There's a reason the Trump administration wants to require drugmakers to include list prices in advertisements for prescription medicines on TV: It's where the money is.
In recent years, direct-to-consumer advertising has touted to consumers prescription medicines for relatively common ailments like high cholesterol or impotence. Think Lipitor (atorvastatin) or Viagra (sildenafil). While pharma has never liked the idea of price disclosure, the cost of drugs previously most familiar to the American public are nowhere near the cost of the most commonly advertised products today.
Patent expirations, along with the rise of specialty drugs and biologics, have shifted the line-up of drugs consumers are likely to see hawked on TV.
In 2018, a traditional 60-second spot is likely to come from one of a handful of large pharmas and feature a specialty medicine approved for sale in the past five years. Gone are the twin bathtubs and little blue pills, replaced instead with promotions for new psoriasis biologics and cancer drugs.
Spending, though, remains high. Through the first nine months of this year, pharma companies have spent more than $2.8 billion on TV drug ads, up from around $2.5 billion through the same time period last year, according to analytics firm iSpot.tv.
Here are five common themes among the top ranks of pharma TV advertising:
A handful of drugmakers account for the lion's share of drug ads on TV
In proposing to mandate inclusion of prices in drugs ads last week, the Department of Health and Human Services estimated its rule would affect roughly 25 drugmakers that air about 300 commercials a quarter.
Data from iSpot.tv, though, shows that the number of pharma companies putting up serious money on television drug ads is an even narrower group.
Spending by Pfizer, Eli Lilly, AbbVie and Bristol-Myers Squib, for example, represented about 40% of the $2.81 billion spent on TV drug ads through the first nine months of 2018, according to an analysis of iSpot.tv numbers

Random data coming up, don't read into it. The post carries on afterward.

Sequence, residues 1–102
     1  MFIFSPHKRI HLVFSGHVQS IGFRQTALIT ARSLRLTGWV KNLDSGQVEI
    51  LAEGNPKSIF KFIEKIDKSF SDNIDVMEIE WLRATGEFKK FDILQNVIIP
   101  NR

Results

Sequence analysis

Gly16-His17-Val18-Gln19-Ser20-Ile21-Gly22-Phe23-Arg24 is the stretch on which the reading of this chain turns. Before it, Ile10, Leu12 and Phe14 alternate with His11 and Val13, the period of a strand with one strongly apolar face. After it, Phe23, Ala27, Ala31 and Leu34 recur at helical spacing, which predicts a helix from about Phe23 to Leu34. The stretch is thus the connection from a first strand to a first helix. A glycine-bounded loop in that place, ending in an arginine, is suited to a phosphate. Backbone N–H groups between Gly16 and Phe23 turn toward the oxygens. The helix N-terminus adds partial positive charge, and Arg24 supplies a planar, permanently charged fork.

AbbVie's investment in promoting its blockbuster drug Humira (adalimumab) made up 8.5% of the total just by itself.
Top 5 spenders on TV drug ads, first nine months of 2018
|Company||TV ad spending for top drugs||Drugs advertised||Number of ad spots|
|Pfizer||$481 million||Lyrica, Xeljanz, Ibrance and Eucrisa||24|
|Eli Lilly||$318 million||Trulicity, Jardiance, Taltz and Verzenio||15|
Note: Pfizer's figures above don't include Eliquis, which it co-promotes with Bristol-Myers Squibb SOURCE:Data from iSpot.tv
All told, 12 drugmakers were behind the top 20 brands by ad spend, and those products accounted for three-fifths of overall investment in television DTC.
Given the sums involved, it's not exactly surprising that large pharmas invest the heaviest. Still, there's a reason that it may seem the same drug ads keep coming up in TV programming.
Advertising is heaviest for brands locked in battles for market share
Drug companies argue that direct-to-consumer advertisements are an important tool to raise awareness among patients that treatment options exist. Commercials can also act as a push, reminding consumers to ask their doctors about whether a drug might "be right" for them.
Critics say drug ads overweigh the benefits while consigning risks to rushed voiceovers at the end of the ad. Some research has backed the concern that doctors may be more inclined to prescribe drugs patients ask for — whether they are necessary or not.
While the pharma industry does invest in unbranded "awareness" marketing, the most heavily advertised brands generally are in competitive markets.
For example, J&J's Xarelto (rivaroxaban) and Bristol-Myers Squibb and Pfizer's Eliquis (apixaban), two competing anticoagulants, were both in the top 10 brands by TV ad spending so far this year and in the top 15 last year.
A twist on this general theme are drugs nearing the end of their patent protection. Drugmakers tend to ramp up DTC spending ahead of patent expiry, before sharply cutting back after generics enter the market.